What does it mean to think of bylaws as something akin to a constitution?  One way that's been quite pertinent to my own thinking about the question is that a constitution's primary function is to provide a framework within which disagreements can be aired, vetted, debated, and eventually resolved.  The only consensus it presumes is a shared commitment to resolving disagreements within the framework established by the constitution, including the means for amending it.  In the same way that all branches of the U.S. federal government are subject to the U.S. Constitution, and that state laws must be consistent with it, so, too, are the President and her designees (~the executive branch), the University Senate or other predominant official governance body for a college or university (~the legislature), and any other official governance bodies, like Standing Committees, Affiliate Committees, and academic departments are at SUNY Fredonia (~the states), all subject to their college's or university's bylaws.  The analogy isn't perfect, of course--for instance, with no equivalent to the U.S. Supreme Court, power is more concentrated in the hands of the President of a campus than it is with the President of the United States--but it gets across the high stakes of the procedures our Bylaws lays out for how institutional communication and decision-making will be handled on our campus.  With those stakes in mind, our Bylaws err on the side of overspecificity; our goal is to provide everyone involved with as clear a picture as possible of how the overall (political) system is supposed to work.

Why do we do this?  I won't take you through a line-by-line reading of our definitions (although see in particular how we define "Faculty," "Shared Governance," and "Consultation" in Article I) or our run-down of the Faculty's powers and functions (Article II, which I think is our most important innovation), but I will point out some peculiarities inherent in being a campus in a state university system that includes a statewide union which represents all faculty and professionals in the system (United University Professions, or UUP).

For one thing, the Policies of the Board of Trustees of the State University of New York might be better compared to the U.S. Constitution, while the SUNY Fredonia Faculty and University Senate Bylaws might be better compared to a state constitution.  Everything we do has to be consistent with the BOT's Policies, as well as with the system-wide policies and procedures approved by the statewide University Faculty Senate and signed by the Chancellor.

For another, it means the current Agreement between United University Professions and the state of New York, which focuses on terms and conditions of employment and establishes what is subject to negotiation rather than consultation, also sets bounds on what the system- or campus-level shared governance process can achieve.  When UUP asserts its exclusive right to bargain on behalf of the faculty and professionals it represents, the most any governance body can seek to do is advise both labor and management on that matter.  By the same token, unless management agrees to negotiate with UUP on any matter other than terms and conditions of employment, UUP can only advise the official governance bodies on the SUNY Fredonia campus.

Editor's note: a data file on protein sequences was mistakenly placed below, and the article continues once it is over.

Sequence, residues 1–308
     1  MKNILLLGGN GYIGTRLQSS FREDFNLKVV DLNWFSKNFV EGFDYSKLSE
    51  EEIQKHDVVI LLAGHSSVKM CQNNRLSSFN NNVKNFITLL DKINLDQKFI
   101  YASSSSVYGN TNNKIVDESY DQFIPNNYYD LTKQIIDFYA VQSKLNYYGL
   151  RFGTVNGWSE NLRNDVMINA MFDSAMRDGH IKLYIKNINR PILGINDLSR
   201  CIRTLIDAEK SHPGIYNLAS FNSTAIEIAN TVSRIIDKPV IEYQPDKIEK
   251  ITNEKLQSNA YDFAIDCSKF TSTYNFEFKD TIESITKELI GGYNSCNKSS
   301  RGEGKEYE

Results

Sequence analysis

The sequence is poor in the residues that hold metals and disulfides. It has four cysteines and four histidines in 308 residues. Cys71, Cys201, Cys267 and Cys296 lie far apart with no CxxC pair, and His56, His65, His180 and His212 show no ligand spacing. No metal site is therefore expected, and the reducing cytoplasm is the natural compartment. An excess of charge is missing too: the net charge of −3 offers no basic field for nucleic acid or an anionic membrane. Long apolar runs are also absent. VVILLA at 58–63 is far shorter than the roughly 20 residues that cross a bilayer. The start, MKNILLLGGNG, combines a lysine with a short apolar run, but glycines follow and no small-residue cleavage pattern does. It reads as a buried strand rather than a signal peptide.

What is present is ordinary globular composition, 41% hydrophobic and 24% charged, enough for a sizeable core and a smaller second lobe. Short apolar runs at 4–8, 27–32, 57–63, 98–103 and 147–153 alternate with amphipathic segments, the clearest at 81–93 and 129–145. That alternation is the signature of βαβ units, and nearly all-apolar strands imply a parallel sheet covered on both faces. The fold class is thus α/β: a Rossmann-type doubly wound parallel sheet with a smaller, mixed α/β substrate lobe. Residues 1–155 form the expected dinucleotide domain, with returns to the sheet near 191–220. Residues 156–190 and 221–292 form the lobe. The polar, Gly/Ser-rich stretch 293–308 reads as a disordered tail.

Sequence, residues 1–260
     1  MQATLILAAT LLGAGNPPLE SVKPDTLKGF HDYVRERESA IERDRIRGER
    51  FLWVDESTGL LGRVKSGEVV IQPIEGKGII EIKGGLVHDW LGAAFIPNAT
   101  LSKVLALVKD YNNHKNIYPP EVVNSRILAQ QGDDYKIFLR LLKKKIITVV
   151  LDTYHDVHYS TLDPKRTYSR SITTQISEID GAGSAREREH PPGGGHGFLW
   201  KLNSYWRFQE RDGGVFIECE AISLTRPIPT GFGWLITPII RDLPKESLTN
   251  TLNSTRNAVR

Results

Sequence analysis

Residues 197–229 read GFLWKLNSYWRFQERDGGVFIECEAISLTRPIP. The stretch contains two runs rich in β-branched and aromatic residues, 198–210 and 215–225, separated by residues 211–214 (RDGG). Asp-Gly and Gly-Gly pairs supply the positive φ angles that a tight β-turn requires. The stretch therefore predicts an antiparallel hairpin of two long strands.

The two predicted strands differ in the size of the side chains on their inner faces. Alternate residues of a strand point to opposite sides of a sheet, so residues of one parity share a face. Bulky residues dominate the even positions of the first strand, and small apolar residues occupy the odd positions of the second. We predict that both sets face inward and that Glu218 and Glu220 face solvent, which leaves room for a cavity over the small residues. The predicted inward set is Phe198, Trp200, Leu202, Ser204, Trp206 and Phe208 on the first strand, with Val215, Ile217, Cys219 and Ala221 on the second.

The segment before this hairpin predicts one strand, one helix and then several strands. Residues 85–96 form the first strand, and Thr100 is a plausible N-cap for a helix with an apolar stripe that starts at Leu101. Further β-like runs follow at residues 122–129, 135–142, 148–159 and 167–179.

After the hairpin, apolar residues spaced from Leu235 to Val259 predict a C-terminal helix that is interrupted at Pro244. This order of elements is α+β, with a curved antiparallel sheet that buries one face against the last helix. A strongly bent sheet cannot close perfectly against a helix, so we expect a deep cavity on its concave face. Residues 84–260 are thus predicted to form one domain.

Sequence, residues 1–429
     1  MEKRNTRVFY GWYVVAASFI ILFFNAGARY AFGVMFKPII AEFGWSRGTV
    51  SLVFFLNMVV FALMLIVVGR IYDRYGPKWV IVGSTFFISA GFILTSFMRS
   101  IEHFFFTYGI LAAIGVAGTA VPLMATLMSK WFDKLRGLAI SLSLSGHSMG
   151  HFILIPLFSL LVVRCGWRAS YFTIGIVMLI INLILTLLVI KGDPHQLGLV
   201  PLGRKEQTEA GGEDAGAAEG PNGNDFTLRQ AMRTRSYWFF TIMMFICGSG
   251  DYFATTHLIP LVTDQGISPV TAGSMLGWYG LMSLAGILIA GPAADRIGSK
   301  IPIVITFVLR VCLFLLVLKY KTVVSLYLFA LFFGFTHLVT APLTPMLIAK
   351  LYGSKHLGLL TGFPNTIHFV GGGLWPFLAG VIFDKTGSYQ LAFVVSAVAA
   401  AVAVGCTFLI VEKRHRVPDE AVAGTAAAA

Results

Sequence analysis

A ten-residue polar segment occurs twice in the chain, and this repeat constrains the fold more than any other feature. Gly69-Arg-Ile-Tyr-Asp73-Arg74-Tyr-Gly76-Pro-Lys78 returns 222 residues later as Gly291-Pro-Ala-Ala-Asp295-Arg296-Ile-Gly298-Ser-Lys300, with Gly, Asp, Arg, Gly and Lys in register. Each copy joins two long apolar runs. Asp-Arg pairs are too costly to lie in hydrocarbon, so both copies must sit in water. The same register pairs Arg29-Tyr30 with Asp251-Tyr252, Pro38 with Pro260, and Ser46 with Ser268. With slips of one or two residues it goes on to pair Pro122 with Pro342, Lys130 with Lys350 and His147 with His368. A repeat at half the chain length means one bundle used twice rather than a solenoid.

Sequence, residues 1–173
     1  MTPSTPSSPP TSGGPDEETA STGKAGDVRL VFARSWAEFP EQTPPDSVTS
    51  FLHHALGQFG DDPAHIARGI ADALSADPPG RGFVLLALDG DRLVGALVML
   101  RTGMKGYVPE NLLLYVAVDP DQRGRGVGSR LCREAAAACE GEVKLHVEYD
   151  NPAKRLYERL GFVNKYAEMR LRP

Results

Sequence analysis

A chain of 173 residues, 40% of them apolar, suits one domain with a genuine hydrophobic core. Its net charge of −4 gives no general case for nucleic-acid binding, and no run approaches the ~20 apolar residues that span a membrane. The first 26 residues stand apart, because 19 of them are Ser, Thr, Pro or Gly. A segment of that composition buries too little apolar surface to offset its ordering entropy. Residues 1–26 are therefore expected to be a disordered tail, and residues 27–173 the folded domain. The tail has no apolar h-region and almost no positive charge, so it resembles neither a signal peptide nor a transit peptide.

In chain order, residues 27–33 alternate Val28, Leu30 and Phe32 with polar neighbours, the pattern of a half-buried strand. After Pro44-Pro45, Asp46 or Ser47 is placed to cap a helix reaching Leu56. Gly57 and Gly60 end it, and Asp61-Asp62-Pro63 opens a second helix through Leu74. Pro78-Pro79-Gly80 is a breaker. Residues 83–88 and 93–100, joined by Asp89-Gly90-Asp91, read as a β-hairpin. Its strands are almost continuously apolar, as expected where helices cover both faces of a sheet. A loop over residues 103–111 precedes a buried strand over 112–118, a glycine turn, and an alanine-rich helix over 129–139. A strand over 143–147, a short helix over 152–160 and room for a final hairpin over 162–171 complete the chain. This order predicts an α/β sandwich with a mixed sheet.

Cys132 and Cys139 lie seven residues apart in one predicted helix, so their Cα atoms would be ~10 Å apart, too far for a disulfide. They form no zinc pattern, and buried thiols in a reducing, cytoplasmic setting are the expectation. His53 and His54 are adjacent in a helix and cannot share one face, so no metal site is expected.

This is where we probably reach the limits of the "constitution" analogy's usefulness, and where it might be more useful to turn to the "operating system" simile.  For another way of thinking about bylaws is that they function in a similar way as an operating system in a computer does:  they allow the parts of the computer (~the university) to work together, act as an intermediary between hardware (~the people and resources of the university) and programs (~the functions of those people and resources), provide a platform for application software (~the range of things universities do), and need to be working for users (~administration, academic faculty, professional staff, students) to make the computer (~university) do anything.  Without a clearly-identified process for, say, approving a new degree program or a revision to graduation requirements in an existing program, get the picture, right?  Bylaws help allow the orchestration of a variety of concurrent decision-making processes essential to the operation of the university.

Consider, as well, one of the major projects it's taken leaders from the administration, the Senate Executive Committee, and the Fredonia UUP Chapter almost a year to plan:  updating and improving our University Handbook.  This entailed developing a process for deciding who reviews, revises or creates, and approves which policies.  While in theory some policies are purely administrative, others require consultation, and still others require negotiation, in practice that meant multiple meetings to determine which were which and build trust, so as to reduce the odds of turf battles arising down the road.  We're just about ready to start divvying up the actual work of policy review, revision/creation, and approval.  By clearly defining shared governance and consultation (Article I) and clearly identifying different levels and processes for shared governance (Article II, Section 3), the Fredonia Bylaws helped make it easier for the leaders of different groups figure out how to work together.